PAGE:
mdghty / Foter

The Braves — The Gwinnett Braves, that is — are changing their name. And they want your submissions for name ideas. We discuss what’s behind the rebranding, and how it’s supposed to help the minor league team grow its fan base, with Sunny Mehta, Director of Clyde Group Sports; and Joel Feldman, an Atlanta-based attorney who focuses on sports branding.

Gregg Allman

We celebrate the life and legacy of Georgia singer and songwriter Gregg Allman, who died over the weekend. Allman revolutionized rock and roll in the South. He spoke with "On Second Thought" host Celeste Headlee in 2015 shortly before he was inducted into the Georgia Music Hall of Fame. Allman explained how he got his start singing with The Allman Brothers Band and what Macon means to him. He also revealed the origins of the song “Melissa,” and he took a stand for artists who struggle to make a living.

Freddy Cole

At this weekend’s Atlanta Jazz Festival, singer Freddy Cole takes the stage. Cole is the younger brother of jazz great Nat King Cole. Freddy released an album last year called "He  Was  The King,"  a tribute to his brother, Nat. We talked with Freddy about his storied career, and his brother’s legacy. 

Marcus Williams

Marvel’s "Black Panther" wrapped shooting last month in Atlanta. It’s just one example of a welcome change we’re seeing in comic books: the rise of black superheroes. Two Atlanta-based authors are adding to the stack with, “Tuskegee Heirs: Flames of Destiny.” The comic series weaves African-American history with an epic mission to save the planet.

Little Tybee

The band Little Tybee first came together in Atlanta in 2009. The group blends folksy lyrics with intricate musical arrangements. Their fourth album came out last summer and the band gave us a live music preview from the GPB Performance Studio.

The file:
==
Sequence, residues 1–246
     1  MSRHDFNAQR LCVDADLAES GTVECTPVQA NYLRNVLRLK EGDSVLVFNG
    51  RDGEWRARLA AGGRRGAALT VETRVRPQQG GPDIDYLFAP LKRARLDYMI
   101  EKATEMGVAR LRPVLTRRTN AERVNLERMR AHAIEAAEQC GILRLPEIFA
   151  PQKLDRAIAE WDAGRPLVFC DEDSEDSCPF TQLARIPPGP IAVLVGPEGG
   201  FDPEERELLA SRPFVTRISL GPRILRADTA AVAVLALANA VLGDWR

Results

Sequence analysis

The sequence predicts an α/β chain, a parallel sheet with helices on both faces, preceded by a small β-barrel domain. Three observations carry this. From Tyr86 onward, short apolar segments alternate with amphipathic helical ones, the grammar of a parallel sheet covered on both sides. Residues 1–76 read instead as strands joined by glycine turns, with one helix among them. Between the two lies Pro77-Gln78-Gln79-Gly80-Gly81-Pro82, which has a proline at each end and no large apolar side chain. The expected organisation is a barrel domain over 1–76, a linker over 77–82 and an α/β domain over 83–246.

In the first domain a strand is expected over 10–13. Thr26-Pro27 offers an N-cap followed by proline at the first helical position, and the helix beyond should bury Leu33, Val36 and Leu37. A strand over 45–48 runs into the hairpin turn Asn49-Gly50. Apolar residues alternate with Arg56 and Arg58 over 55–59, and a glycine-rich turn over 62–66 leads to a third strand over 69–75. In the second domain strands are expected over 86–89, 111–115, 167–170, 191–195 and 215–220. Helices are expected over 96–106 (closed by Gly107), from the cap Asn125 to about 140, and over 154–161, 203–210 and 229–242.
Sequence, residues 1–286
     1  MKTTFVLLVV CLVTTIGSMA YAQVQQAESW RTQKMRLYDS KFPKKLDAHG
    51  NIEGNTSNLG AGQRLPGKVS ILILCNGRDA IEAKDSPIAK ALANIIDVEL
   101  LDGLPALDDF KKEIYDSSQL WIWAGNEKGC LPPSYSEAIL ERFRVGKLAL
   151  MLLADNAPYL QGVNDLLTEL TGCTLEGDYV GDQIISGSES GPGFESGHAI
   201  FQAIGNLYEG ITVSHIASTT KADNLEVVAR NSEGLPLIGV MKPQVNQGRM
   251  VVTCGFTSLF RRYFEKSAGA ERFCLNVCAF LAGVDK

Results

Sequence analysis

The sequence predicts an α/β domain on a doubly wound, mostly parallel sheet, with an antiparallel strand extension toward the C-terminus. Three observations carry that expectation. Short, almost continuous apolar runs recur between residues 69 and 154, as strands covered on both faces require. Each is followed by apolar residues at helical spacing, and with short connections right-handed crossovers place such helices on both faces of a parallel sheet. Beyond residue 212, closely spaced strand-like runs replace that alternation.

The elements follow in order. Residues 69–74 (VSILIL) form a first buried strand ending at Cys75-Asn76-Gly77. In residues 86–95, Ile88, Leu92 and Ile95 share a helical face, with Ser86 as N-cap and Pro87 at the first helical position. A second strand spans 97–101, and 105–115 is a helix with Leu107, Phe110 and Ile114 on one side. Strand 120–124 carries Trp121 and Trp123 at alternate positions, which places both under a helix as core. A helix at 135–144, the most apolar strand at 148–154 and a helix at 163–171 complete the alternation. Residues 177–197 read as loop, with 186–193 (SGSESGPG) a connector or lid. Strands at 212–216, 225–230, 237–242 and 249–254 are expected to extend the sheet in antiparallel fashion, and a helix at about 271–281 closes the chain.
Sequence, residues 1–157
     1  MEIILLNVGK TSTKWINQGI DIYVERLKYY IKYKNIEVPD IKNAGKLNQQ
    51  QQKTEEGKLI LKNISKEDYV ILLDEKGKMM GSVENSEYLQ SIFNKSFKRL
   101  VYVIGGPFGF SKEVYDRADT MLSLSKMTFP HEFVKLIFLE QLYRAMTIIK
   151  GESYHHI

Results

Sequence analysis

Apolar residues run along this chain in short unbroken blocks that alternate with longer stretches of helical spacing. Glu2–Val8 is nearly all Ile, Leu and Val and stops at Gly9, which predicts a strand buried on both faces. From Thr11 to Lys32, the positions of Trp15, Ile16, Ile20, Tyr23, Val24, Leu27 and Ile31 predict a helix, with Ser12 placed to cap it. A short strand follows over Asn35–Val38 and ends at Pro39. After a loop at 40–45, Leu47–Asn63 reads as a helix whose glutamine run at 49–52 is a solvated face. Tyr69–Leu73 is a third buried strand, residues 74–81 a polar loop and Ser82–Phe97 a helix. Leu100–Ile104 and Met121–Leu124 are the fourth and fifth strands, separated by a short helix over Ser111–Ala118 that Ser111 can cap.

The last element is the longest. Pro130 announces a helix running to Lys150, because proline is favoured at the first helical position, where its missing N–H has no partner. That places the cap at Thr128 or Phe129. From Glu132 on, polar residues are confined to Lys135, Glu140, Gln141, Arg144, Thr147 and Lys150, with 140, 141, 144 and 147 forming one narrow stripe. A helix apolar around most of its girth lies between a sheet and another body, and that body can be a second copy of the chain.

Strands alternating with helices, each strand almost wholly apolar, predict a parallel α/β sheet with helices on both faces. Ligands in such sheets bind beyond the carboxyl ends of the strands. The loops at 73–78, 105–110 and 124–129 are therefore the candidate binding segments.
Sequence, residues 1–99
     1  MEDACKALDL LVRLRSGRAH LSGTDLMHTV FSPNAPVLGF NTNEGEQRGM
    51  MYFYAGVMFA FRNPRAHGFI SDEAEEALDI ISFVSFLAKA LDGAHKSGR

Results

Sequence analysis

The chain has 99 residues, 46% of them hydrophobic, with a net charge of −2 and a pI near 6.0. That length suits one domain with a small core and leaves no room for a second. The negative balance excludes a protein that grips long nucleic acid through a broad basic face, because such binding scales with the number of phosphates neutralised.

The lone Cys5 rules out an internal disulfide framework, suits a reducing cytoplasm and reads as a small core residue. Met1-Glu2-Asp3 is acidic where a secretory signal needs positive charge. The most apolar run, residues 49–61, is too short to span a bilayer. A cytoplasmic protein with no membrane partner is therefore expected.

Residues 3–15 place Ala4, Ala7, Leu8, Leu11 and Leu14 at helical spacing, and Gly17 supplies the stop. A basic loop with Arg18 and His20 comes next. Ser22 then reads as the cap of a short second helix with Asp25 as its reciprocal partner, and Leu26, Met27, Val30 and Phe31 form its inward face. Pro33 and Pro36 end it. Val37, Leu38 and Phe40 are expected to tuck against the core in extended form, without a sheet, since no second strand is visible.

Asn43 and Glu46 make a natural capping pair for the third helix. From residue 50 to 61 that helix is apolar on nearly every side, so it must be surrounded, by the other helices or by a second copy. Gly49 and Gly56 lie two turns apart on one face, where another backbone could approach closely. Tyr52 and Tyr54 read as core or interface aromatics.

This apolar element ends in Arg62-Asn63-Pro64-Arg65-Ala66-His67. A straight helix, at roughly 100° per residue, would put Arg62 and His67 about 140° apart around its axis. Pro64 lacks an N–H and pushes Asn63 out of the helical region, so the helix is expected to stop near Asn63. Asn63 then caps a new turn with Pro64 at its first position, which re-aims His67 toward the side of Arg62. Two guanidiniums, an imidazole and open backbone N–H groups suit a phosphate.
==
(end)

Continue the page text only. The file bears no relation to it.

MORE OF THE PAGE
Little Tybee will perform this Saturday at the Atlanta Jazz Festival in Piedmont Park.

 

The history of Southern food is as rich as its flavors. Whether it's red beans and rice, fried chicken, biscuits or potlikker, the history of our region’s fare stretches far and wide – from slave plantations, to the Montgomery Bus Boycott, and into our kitchens today. 

John Amis / AP Photo

The first charter school in the United States opened up 25 years ago this fall. Since then, the idea of school choice has taken off. Charter schools can give students in struggling public schools more options, but only if those students apply to charter schools and get accepted. We’ll hear about how lotteries could address this in a feature from GPB’s Grant Blankenship.

Controversy has enveloped a recent column published by the Athens Banner-Herald. In the piece, titled “Radical Left Should Be Eradicated,” Robert Ringer writes: “As with ISIS, merely containing the Radical Left is not an acceptable alternative.

Michael Lionstar